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The Law Print Page

Photo Finished
by Michael Blahy

A New Years fall ended with a resolution not in favour of the injured party and an attorney possibly facing sanctions.

On New Years Day, 2017 Linda Waldon (Linda) was shopping at a Wal-Mart store in Crawfordsville, Indiana. She was looking at some clothes hanging on a rack, when she slipped on a plastic hanger beneath or around the rack. She experienced “back, neck, and head injuries requiring medical care” and her husband Steve Waldon endured the “loss of consortium and companionship”.

The Waldons filed a suit in Indiana state court, which Wal-Mart successfully had removed to a federal court. The suit alleged that “ Wal-Mart failed to provide a safe environment for its shoppers and is liable for their injuries”.

Wal-Mart has a policy where employees are to “zone” their work areas, meaning that before and after breaks and during their shift, employees are required to walk through their department, looking for hazards on the floor, picking up items and returning them to where they belong.

For discovery, Wal-Mart provided affidavits saying “that no Wal-Mart employee was notified of any potential hazards on the floor, including hangers” in the area where Linda fell. An employee also mentioned that she “zoned” the area five to ten minutes prior to the fall and didn’t notice any hazards.

During the deposition of Linda, she admitted not having evidence or personal knowledge of:

  • how long a hanger was on the floor before she fell

  • the last time an employee inspected the department and clothing racks before she fell

  • that Wal-Mart knew a hanger was on the floor before she fell

Based on its affidavits, and weak evidence presented by Linda, Wal-Mart moved for summary judgement. At this point, the attorney for Linda presented two photographs showing the mess on the floor where Linda had fallen. The district court dismissed the photographs, as one was undated and the other was dated eleven days after Linda’s fall. The district court entered summary judgement in favour of Wal-Mart.

The Waldons appealed.

The U.S. court of appeals reviewed the case. It was determined that Linda was definitely an invitee, therefore Wal-Mart had a duty to protect Linda:

    A possessor of land is subject to liability for physical harm caused to his invitees by a condition on the land if, but only if, he

    1. knows or by the exercise of reasonable care would discover the condition, and should realize that it involves an unreasonable risk of harm to such invitees, and

    2. should expect that they will not discover or realize the danger, or will fail to protect themselves against it, and

    3. fails to exercise reasonable care to protect them against the danger.

Evidence provided by Wal-Mart showed that they exercised reasonable care to protect their invitees, but “[t]he Waldons contend[ed] the district court incorrectly applied Fed. R. Civ. P. 56(e) when it uncritically accepted the statements of the Wal-Mart employees and failed to recognize their credibility issues . . . they question the credibility of the WalMart employees’ affidavits given “the substantial debris identifiable in photos of the scene at the time of Plaintiff’s injury. .  .  . the photos are from January 1, 2017, the date of injury.”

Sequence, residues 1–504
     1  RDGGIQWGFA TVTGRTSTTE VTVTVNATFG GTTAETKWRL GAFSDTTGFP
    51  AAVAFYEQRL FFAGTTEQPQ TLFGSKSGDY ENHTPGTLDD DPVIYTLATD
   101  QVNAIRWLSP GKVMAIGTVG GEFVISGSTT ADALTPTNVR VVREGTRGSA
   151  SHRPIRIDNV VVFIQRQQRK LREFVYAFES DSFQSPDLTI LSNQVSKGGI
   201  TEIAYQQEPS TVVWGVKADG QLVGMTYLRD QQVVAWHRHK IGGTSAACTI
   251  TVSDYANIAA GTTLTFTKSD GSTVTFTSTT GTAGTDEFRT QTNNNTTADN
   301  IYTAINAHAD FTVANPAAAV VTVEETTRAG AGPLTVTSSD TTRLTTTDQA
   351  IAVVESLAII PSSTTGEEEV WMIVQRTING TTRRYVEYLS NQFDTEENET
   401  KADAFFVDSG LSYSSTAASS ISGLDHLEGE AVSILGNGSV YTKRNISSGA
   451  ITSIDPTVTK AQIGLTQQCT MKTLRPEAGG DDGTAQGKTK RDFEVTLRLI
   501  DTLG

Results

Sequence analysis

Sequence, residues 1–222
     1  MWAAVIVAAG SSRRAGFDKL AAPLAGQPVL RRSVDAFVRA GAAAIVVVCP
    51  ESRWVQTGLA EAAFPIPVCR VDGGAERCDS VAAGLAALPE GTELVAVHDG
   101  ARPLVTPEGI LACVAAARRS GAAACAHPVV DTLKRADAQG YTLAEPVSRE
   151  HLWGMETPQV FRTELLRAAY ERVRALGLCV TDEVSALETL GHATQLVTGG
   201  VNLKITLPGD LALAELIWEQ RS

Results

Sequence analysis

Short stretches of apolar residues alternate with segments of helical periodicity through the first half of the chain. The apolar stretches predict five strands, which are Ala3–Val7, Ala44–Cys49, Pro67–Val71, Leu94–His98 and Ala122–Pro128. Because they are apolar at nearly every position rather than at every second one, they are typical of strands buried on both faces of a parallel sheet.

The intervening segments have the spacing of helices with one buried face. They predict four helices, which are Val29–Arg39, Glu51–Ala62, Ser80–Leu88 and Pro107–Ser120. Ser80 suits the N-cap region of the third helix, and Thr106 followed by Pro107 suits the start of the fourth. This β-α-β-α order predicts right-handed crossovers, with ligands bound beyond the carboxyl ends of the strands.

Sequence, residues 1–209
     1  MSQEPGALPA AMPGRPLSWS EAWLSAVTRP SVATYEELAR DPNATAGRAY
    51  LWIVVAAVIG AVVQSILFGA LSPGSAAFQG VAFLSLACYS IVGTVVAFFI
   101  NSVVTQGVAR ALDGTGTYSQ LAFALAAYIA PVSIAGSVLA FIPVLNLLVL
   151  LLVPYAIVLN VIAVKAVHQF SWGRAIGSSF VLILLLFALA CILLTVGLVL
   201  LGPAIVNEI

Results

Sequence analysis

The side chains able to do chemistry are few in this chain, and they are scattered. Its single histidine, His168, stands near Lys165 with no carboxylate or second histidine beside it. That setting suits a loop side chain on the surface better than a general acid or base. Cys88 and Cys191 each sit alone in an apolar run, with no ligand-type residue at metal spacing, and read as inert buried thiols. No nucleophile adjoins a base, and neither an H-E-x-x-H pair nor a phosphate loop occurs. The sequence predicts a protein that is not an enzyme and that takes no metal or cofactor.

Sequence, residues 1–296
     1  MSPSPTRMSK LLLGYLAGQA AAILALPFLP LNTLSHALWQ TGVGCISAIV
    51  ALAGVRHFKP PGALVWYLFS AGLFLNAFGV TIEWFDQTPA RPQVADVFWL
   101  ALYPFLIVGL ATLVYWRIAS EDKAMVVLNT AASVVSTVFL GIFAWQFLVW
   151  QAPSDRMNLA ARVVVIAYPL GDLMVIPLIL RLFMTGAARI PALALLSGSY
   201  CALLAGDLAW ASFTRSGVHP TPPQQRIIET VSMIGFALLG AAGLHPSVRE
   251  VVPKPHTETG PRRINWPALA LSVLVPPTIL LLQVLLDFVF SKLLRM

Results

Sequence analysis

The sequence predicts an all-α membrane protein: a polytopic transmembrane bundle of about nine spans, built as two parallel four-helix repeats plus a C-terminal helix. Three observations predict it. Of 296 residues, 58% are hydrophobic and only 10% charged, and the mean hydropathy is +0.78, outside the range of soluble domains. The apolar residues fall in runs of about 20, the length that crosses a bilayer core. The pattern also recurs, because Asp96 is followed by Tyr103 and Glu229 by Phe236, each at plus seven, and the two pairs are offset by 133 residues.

The court of appeals ruled:

    Because the Waldons cannot show there is a genuine issue of material fact .  .  . their case cannot survive summary judgment. So we affirm the district court's grant of summary judgment to Wal-Mart.

To make matters worse for Waldon’s attorney, the photographs submitted to the court of appeals had been altered from those on the district court records. One of the photographs had been cropped to remove the January 12, 2017 date, which was on the original.

When questioned about the discrepancies, Waldons’ counsel admits the date stamps were deleted when the photos were reproduced in their separate appendix for this court. The blame was placed on the legal assistant who scanned the photos for the appendix. Wal-Mart noted that of the 248 page appellate appendix, the pages with the altered photographs where the only ones with hand written page and exhibit numbers, and they lacked the district court’s filing information across the top of the page.

Attorneys are responsible for the actions of their staff, but the court of appeals were additionally concerned with Waldons’ counsel’s representations to this court about these photographs. The Waldons contend the photos are their “best evidence” of actual and constructive notice. In the Waldons’ appellate brief their counsel repeatedly says the photos are from the date of her injuries.

The United States court of appeals concluded:

    We order Waldons’ counsel, James E. Ayers, to show cause within 14 days of the date of this decision why he should not be sanctioned under Rule 46 of the Federal Rules of Appellate Procedure for altering the photographs and misrepresenting the record to this court. Additionally, after considering Waldons’ counsel’s response, we will decide whether to forward a copy of this opinion to the Indiana Supreme Court Disciplinary Commission for it to consider whether to institute disciplinary proceedings against him.

(Waldon v. Wal-Mart Stores, Inc. (US Court of Appeals for the Seventh Circuit, Docket: 19-1529))

Decided: November, 2019
Published: December, 2019



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